The last time I went to Canberra was six years ago for the Tulip Festival. I went with four of my girlfriends. I navigated, we got lost (Google Maps failed me) and it took us five hours to get to Canberra, from Sydney, by way of the Blue Mountains (I know…). Despite the slow start, it ended being a great trip and I have a lot of fond memories from that day (including eating too many scones and cookies at Ginger Catering’s high tea buffet). This year I went back to Canberra, not for the Tulip, but for the Canberra Truffle Festival. I was invited by a girlfriend and went on a whim. I had no expectations: I just was hoping for a similarly pleasant experience as to last time, but instead, I was blown away.
After the truffle hunt we went to the Canberran CBD to try The Cupping Room – they’re reputed for making good coffee. We got there in less than an hour and to my surprise, there was a queue at the door- the young and hip, lining up and eager to get in the café for some hot brew. I hate lining up for food, but it didn’t look like there were any other cafés nearby, and since everyone was keen on trying this place, I made an exception. About five minutes later one of their waiting staff came out and offered us some free plunger coffee. I felt much better already.
Thirty minutes later we got our table. I ordered my usual soy flat white and chose one of the few vegan dishes they have – Avo & his mates (veganised).
It was a pretty good plate, but would have been miles better with a dash of truffle salt (it was hard not to be obsessed with truffles after the previous night)! But, hey, at least they didn’t skimp on the avocado, that’s for sure. So much avo mash on that toast.
The dish was served with some radish and cress salad which was quite tasty. It gave the dish a nice crunch and a bit of zing. The waiting staff also gave me a side of cashew cream which was creamy and lovely.
Coffee was really good! Their Cascara tea – made from the cherry of a coffee tree – was interesting. It tastes fruity with the tiniest hint of coffee and smells a bit like berry, sour and sweet both at the same time.
The Truffle Degustation
On the Saturday night we went to a five-course truffle and wine degustation dinner, at the Chifley Hotel, as part of the Canberra Truffle Festival event. The hotel made me a special vegan menu, which is always a nice touch, and I even got my own plate of appetisers while everyone else had to share.
It was a fun-filled night (like most nights involving food and wine are). We were the only group younger than our 40’s there, rocking our jeans and boots while everyone else were either in a dress or in a collared shirt. We looked a little out of place, no doubt, but I don’t think we cared. We were there for the food and the wine. But there was nothing to worry about because everyone was really nice and friendly.
We ate a lot of truffle-full dishes and met the winemaker who brought Prosecco into Australia, Otto Dal Zotto from Dal Zotto Wine, and drank heaps of his wine. He even gave us tips on how we can perform better at wine-tasting, including starting as early as seven in the morning!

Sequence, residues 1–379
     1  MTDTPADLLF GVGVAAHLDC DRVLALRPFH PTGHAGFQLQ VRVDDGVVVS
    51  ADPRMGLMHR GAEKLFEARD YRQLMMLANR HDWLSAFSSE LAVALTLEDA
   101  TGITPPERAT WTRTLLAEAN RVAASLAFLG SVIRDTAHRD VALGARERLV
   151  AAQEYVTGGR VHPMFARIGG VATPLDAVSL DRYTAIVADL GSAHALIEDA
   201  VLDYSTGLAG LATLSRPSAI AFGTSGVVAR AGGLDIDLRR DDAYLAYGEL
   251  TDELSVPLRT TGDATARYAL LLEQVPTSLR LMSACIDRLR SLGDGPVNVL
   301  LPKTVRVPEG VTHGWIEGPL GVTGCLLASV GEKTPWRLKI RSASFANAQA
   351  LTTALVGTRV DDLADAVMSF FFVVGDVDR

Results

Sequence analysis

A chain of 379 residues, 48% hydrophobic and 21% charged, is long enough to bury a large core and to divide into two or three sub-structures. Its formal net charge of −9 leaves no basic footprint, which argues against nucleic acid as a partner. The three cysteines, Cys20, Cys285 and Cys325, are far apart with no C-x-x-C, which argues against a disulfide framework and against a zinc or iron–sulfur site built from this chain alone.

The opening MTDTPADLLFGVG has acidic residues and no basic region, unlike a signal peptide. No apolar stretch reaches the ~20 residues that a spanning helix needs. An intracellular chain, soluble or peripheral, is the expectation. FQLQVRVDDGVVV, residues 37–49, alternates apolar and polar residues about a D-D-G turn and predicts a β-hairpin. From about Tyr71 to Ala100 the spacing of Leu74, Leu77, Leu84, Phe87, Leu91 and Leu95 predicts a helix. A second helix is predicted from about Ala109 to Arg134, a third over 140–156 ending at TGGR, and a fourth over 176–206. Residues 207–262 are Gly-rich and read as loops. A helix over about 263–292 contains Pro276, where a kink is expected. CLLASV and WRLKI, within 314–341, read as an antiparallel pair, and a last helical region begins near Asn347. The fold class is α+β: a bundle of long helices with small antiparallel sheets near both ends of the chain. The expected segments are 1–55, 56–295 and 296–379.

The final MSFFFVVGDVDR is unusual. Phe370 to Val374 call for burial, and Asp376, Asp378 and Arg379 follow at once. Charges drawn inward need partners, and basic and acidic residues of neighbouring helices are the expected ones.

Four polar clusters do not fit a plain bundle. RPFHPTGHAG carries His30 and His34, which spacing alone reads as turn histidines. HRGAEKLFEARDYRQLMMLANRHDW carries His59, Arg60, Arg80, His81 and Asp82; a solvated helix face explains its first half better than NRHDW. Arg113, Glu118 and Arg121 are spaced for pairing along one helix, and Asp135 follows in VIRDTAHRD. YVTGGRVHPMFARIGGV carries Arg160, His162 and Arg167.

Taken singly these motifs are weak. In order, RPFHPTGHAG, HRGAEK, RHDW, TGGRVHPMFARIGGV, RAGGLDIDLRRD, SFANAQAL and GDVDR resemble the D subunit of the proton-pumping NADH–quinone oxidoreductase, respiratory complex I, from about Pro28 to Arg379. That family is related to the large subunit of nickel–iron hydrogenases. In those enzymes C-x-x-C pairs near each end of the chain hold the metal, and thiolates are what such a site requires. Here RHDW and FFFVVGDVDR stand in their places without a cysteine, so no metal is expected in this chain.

The food was good but the wine was outstanding. We bought a few bottles each – they have arrived in Sydney by the way, and I’m looking forward to getting my hands on them very soon.
After dinner we went to Molly, also in the CBD (thanks to a tip from a wine distributor who sat at our table). Molly is an underground speakeasy bar which reminds me of Palmer and Co in the Rocks in Sydney. It’s so underground that it doesn’t even have a sign at the door. We (I) had to ask a local Canberrian for directions, and in exchange he asked me for some water as I was carrying my water bottle. It was a pretty random exchange (I gave him the whole bottle) but the directions were on point. We saw a door with a bright light next to a building and inside, a girl sitting on a stool welcoming people in. It would have looked pretty shady had she not been super-nice-friendly-looking. As I walked down the stairs I could hear the crowd and music. This is not the Canberra I once knew. This is so much better.
We stayed overnight at Medina in Belconnen, in a two bedroom serviced apartment. It was very nice for that sort of accommodation: It was clean and airy and with a full-size kitchen. I slept like a baby.
The morning came and we all had to quickly pack up and check out. We started wandering our way back to Sydney that afternoon, but not without a visit to the local vineyards and one last truffle farm on the way.
At the dinner at the Chifley the night before, we heard Jayson Meysman’s story about his inspiring journey leading him to the truffle industry, his $100,000 dog Samson and The Truffle Farm that he now owns at Majura. We decided to drop by to check out his farm and, perhaps, get some more truffles.
Have you heard of truffle-infused vodka? It was our first taste, too.
As is always the case with me and winery visits – I started telling myself ‘I don’t need more wine, I’m just gonna enjoy some free wine’ here and ended up with the ageless ‘I can’t not buy this, it’s so good’ dilemma with my own conscience. Luckily we only visited two wineries so I didn’t completely exhaust my willpower. I ended up buying only a couple of bottles of wine and was feeling pretty proud of myself.
So we did everything we wanted to do: We ate lots of truffles, we drank lots of wine and we spent some quality time with each other. It’s amazing how much you can do in two days.
We ended our trip to Canberra with a toast of Eden Road Cabernet Sauvignon, a bunch of full bellies, sweet, truffle-filled memories, and the hope to return to the capital city again next year.
Until we meet again.